Let’s Talk with Diane A.S. Stuckart

Under Cover Operator
By Diane A.S. Stuckart

One of the most exciting things with every book you publish is seeing your cover art for the first time. I’ve been incredibly fortunate in that, for many of my novels, I’ve been able to contribute ideas for the cover (they’re not always used, but I do get asked). Sometimes, I even get to see the artist’s concept sketch in advance so I can suggest changes before the scene is set in stone, er, ink. And I must admit that the greatest number of my book covers have been lovely pieces of art.

But not always
Most savvy readers are aware that we traditionally published authors rarely have the final say over our cover art. (Of course, I’m exempting James Patterson and J.K. Rowling and Stephen King and others who breathe that rarefied publishing air. They veto a cover, and it’s vetoed!) Instead, the cover design is a collaboration between the editor and marketing group and artist, sometimes with input from the author. Most times, the artist gets it right…but sometimes, they get it wrong. And usually by the time the author finds that out, it’s too late for her to do anything but gnash her teeth and pray the next book cover is better.

Of course, getting it waaaay wrong can actually boost an author’s profile. Just ask bestselling romance author Christina Dodd. Back in the 1990s, she learned that her just-released historical romance unfortunately featured on its cover a beautiful heroine who happened to have three arms. Yep, the art department fell asleep on the job and screwed up big-time on that one…and no one caught it until the book was already on the shelves! But Ms. Dodd savvily parlayed that hysterically awful mistake into a major marketing tool, and I suspect that her unanticipated notoriety lent a real boost to her career.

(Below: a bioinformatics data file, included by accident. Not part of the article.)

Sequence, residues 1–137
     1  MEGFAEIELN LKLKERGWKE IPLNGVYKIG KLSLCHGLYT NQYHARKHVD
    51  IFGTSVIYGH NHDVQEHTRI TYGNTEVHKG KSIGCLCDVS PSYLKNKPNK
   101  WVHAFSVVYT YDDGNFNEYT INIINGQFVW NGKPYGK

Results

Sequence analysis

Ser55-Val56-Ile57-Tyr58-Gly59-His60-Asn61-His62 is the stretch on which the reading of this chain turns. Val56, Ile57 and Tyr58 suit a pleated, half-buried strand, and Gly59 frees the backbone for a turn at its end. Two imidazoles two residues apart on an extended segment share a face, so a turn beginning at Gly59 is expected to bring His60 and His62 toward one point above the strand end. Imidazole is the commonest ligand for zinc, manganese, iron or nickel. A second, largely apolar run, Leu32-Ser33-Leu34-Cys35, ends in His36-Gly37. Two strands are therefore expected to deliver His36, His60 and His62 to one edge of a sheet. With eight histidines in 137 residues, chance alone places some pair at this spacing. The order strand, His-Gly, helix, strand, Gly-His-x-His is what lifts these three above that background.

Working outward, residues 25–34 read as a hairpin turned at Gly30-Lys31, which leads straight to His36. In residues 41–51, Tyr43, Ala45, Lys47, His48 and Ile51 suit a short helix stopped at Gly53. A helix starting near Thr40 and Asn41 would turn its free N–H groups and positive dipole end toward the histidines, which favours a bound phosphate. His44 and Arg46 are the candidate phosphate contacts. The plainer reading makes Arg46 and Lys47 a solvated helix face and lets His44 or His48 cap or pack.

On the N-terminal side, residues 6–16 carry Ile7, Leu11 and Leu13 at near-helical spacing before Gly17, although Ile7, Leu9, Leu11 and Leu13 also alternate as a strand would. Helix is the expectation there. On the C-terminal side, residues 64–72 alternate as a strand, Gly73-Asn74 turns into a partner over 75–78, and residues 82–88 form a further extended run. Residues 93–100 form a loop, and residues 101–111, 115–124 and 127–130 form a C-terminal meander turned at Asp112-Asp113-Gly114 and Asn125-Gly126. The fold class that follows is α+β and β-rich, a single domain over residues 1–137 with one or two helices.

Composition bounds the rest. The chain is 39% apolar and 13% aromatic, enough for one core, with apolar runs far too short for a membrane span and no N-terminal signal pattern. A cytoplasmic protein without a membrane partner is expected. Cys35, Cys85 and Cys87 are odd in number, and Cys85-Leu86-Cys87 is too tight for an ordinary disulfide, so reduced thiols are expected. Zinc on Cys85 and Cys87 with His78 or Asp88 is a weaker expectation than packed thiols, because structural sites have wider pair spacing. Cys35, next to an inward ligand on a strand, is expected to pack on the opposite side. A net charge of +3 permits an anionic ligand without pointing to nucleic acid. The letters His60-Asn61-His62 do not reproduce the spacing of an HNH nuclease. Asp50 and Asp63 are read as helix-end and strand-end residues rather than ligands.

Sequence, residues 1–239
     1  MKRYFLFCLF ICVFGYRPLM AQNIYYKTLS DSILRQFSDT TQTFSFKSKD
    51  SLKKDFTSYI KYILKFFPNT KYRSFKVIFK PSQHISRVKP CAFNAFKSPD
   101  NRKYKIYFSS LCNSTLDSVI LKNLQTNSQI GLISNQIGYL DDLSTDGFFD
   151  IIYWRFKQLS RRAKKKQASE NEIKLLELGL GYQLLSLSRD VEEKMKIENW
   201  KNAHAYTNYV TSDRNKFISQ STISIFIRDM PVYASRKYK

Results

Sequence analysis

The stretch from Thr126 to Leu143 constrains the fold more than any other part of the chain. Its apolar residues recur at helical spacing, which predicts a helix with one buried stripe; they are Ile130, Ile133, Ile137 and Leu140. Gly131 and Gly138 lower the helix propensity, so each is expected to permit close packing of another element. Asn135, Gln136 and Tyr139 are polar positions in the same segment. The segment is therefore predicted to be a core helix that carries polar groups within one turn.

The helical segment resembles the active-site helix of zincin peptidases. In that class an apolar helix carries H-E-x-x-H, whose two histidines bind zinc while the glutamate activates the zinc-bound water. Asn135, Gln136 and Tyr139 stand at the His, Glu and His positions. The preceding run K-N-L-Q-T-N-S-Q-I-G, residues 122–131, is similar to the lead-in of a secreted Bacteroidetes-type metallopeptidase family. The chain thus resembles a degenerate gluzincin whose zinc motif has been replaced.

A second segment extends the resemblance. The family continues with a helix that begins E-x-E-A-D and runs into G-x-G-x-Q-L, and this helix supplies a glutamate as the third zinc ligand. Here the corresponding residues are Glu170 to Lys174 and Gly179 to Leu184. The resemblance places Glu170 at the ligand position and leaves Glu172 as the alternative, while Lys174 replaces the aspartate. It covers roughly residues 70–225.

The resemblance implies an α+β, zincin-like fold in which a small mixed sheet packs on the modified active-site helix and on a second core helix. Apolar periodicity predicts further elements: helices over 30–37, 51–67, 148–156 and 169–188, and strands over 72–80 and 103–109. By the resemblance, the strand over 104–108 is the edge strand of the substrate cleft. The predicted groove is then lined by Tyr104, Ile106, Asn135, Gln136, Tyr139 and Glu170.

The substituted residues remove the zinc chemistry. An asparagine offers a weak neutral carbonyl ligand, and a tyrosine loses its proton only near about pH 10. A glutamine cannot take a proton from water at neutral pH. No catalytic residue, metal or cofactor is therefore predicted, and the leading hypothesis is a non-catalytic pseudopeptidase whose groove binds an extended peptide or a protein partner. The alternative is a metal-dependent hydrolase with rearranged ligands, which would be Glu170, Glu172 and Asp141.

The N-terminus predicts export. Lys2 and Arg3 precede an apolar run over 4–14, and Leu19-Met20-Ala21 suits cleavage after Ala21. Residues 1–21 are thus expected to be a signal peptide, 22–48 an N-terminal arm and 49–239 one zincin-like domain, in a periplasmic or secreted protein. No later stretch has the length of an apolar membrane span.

I’ve never had any extra appendages show up on my book covers, but I’ve had a few things go wrong…some fixable, and some not. The first of my historical romances to have the traditional “clinch” cover featured a heroine whose auburn hair was mentioned quite frequently throughout the story. Unfortunately, I discovered when I received my author copies that the woman on the front was a blonde. Don’t get me wrong, it was a gorgeous cover, but that glaring error was noticed by many a reader.

On a more fun note, the original “Hamlet the Cat” featured on my Black Cat Bookshop mysteries was first drawn as a cute fluffy kitty. I saw that and hurriedly reminded my editor that Hamlet was pretty much a bad boy feline. And so the artist obligingly added a bit of “snark” to Hamlet’s expression that captured him perfectly. My Tarot Cats mystery, Fool’s Moon, has my protagonist’s house on the cover. The artist got the style and color right, but for artistic purposes made it a single-story building instead of a two-story home as in the book. Sure enough, a couple of readers pointed that out. Fortunately, the two black cats on the cover are dead ringers for the kitties in the book.

My most recent series, the Georgia B&B Mysteries, has a bit of a bobble on the covers, too. The books all feature the story’s resident Australian shepherd, Mattie, front and center, with the titular B&B in the background. The covers are fab, and the pup is cute as she can be…except that the artist made her a fluffy-tailed Border Collie instead of a bob-tailed Aussie. Oh, well.

So, have you ever seen something amusing or shocking or just plain wrong on a book cover?

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